putting a fine point on the speaking industry
We’re Better Than That . . .
While this article is coming out in De- cember, it is being written two weeks before Election Day. Over recent months,
we have heard some of the most challenging conversations, accusations and
exchanges in the history of our country.
What’s worse is that many who have
seen these exchanges develop have
taken permission to bring that same
level of negativity into their own
conversations, blogs and social media
posts. As the CEO of the largest professional speaking association, I know how
important the words we choose are and
it is disheartening to think our country
has resorted to this level of conversation.
Now that the election is over, how
do we recover and return to civility in
helping our fellow people strive to be
better than this? The clearest path I see
is by changing—and upgrading—the
conversation. There is no group better
poised for that challenge than National
Speakers Association. As you prepare
to kick off 2017, I would like to see us
lead this charge.
The first step is to start in our own
house. Commit to re-examining your
own messaging. Is it designed to help,
or does it create further challenges?
How can your words serve as a model
for others so they can better communicate, motivate and make change?
Next, talk to people—not about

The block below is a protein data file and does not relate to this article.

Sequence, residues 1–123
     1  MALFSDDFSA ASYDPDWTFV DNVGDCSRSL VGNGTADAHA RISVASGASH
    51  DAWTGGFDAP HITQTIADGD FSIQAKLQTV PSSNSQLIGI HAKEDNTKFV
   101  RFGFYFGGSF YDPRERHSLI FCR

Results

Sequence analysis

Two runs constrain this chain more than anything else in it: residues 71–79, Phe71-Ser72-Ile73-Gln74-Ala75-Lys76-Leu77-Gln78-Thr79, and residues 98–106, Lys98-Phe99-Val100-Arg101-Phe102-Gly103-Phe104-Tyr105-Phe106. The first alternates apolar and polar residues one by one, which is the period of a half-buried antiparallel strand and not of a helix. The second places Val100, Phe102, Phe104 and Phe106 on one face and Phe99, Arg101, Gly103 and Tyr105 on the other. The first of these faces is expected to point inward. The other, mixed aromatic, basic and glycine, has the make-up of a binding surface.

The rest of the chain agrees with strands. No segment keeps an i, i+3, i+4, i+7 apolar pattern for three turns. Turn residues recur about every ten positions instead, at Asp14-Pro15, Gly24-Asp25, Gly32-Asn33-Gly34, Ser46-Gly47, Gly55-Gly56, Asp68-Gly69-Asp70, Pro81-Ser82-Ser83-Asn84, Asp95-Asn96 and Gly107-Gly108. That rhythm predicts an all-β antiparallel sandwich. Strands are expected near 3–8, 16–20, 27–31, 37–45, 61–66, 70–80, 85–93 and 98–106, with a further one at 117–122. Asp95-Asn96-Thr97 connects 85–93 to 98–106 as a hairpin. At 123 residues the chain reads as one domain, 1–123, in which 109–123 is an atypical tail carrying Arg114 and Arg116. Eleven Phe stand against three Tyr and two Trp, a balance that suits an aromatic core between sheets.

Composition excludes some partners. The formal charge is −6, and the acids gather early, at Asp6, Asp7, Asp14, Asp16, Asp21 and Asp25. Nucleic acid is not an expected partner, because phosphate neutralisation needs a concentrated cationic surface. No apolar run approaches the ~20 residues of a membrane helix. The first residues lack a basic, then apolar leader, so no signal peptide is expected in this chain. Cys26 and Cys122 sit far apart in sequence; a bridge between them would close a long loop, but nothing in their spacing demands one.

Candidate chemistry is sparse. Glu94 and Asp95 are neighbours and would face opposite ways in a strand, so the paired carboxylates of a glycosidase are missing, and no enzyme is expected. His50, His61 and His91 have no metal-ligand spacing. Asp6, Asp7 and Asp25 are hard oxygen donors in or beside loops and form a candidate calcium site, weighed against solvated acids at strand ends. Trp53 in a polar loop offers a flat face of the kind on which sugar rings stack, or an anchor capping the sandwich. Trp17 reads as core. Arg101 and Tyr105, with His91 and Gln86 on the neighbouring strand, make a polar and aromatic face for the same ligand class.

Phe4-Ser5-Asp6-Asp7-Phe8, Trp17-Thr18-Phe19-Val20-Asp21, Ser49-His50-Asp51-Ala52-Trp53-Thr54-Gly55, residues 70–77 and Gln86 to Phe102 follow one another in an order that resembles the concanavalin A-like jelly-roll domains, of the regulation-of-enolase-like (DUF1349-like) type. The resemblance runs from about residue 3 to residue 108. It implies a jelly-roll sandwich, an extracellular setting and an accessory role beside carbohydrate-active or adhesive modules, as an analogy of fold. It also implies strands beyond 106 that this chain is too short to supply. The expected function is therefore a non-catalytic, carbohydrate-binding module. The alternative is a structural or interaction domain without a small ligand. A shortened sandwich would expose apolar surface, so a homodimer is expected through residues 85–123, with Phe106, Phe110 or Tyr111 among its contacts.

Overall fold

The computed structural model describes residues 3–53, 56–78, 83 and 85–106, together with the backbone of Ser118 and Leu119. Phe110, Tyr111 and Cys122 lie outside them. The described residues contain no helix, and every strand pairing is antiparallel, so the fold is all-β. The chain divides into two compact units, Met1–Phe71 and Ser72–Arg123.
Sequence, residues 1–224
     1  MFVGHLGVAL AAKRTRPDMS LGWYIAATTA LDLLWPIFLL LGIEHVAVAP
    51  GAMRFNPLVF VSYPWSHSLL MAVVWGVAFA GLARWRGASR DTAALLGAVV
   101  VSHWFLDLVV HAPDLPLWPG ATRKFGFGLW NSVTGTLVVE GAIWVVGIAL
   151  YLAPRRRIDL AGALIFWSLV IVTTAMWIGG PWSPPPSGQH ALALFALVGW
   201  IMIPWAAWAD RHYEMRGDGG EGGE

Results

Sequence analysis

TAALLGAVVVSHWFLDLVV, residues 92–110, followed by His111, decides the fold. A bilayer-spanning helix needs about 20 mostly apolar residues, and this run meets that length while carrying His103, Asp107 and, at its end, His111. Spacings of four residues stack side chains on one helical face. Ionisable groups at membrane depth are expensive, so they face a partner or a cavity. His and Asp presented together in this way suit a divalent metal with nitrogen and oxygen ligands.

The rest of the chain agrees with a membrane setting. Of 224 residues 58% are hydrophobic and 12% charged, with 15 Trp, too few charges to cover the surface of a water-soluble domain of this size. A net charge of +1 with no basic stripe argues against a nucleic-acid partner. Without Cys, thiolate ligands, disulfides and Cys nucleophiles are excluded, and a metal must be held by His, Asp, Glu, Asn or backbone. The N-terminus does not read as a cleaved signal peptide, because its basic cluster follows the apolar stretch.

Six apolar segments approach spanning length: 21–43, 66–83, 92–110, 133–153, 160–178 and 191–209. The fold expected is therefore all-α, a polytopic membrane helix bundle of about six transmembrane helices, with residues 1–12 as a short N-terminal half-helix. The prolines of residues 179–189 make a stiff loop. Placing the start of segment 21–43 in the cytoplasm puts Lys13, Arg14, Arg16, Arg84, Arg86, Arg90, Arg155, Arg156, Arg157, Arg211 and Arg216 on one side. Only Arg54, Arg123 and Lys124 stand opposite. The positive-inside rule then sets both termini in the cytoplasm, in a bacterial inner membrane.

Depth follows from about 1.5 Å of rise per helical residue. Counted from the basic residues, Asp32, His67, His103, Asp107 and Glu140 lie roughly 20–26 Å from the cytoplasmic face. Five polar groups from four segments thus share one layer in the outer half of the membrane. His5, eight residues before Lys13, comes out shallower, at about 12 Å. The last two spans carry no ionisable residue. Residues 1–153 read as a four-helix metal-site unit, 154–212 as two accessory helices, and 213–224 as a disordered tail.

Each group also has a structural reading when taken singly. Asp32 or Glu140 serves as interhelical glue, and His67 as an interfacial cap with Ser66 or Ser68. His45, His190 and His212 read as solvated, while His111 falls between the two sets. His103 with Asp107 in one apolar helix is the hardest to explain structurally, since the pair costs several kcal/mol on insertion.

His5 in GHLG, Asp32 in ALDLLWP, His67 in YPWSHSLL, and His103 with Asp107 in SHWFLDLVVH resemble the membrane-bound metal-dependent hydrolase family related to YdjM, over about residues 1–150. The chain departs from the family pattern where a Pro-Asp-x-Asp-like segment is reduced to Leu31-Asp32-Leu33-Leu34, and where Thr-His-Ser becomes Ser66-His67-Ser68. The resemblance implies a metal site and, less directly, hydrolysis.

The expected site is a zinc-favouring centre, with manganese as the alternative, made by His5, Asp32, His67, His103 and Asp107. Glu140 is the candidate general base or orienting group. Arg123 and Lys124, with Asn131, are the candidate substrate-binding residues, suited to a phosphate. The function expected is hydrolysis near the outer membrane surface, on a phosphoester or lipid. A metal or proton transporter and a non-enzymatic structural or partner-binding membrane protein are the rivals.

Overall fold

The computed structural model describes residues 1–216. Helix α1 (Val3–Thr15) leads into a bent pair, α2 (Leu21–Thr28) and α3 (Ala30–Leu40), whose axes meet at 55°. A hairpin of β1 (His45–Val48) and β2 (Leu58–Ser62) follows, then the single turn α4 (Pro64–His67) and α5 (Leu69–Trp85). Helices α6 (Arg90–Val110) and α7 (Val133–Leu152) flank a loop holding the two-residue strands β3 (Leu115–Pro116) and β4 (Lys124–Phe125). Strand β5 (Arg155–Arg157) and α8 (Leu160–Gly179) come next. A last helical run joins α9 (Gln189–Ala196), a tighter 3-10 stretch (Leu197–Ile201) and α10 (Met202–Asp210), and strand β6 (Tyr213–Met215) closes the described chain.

people. This is my personal mantra—
ask any staff member at NSA headquarters. I realize that conflict among people
will always exist, much of it can be alleviated just by having a conversation.
That means picking up a phone, scheduling a zoom call or meeting over coffee. It doesn’t mean sending an e-mail, a
text, or posting on your social media
page. All too often, these messages can
be misinterpreted and lead to the initial
breakdown in communication.
And, finally, when you see it, call it
out. When we observe negative conversations materializing within our NSA
community social media sites, the NSA
staff team does its best to contact the
original poster of the conversation to
better understand if they truly meant to
take the conversation down the path it
had taken. Then, we determine how we
can resolve the situation and bring the
conversation back to a positive place.
Don’t get me wrong—I welcome criti-
cism because it can be a wonderful tool
that helps us stay relevant and continu-
ally upgrade. Here, I am talking about
the conversations that are designed to
simply cause challenges or vent without
a purpose. Twice I have talked to indi-
viduals who made straight out negative
and unhelpful posts, and stated they
simply wanted to “stir the pot.” After
our conversation, they agreed the post
was not helpful, and simply picking up
the phone and talking to me or the
other individual about it first may have
been a more positive step.
As we round out 2016 and some of
the most negative conversations we
have seen and heard in our lifetime, I
challenge each and every NSA member
to work to upgrade the conversation in
2017. Let’s use the collective gifts and
talents of those in this association and
be the change we would like to see.
Words matter! I am so appreciative to
be a leader in this professional speaking
community where the greatest purveyors of words use them to motivate
change every day. I look forward to seeing how our profession can be part of
the solution and help the rest of the
world see that we are all better than
what we experienced recently.
CAE, FASAE, CEO
National Speakers Association